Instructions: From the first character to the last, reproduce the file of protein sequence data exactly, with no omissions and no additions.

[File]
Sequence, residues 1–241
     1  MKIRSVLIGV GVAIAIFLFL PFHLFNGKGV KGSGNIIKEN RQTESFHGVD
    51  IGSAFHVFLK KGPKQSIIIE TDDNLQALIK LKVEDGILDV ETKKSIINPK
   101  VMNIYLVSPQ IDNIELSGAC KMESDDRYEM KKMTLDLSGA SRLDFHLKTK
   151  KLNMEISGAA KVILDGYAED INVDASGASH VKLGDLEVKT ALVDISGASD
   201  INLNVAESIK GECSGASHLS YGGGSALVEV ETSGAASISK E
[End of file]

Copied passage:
Sequence, residues 1–241
     1  MKIRSVLIGV GVAIAIFLFL PFHLFNGKGV KGSGNIIKEN RQTESFHGVD
    51  IGSAFHVFLK KGPKQSIIIE TDDNLQALIK LKVEDGILDV ETKKSIINPK
   101  VMNIYLVSPQ IDNIELSGAC KMESDDRYEM KKMTLDLSGA SRLDFHLKTK
   151  KLNMEISGAA KVILDGYAED INVDASGASH VKLGDLEVKT ALVDISGASD
   201  INLNVAESIK GECSGASHLS YGGGSALVEV ETSGAASISK E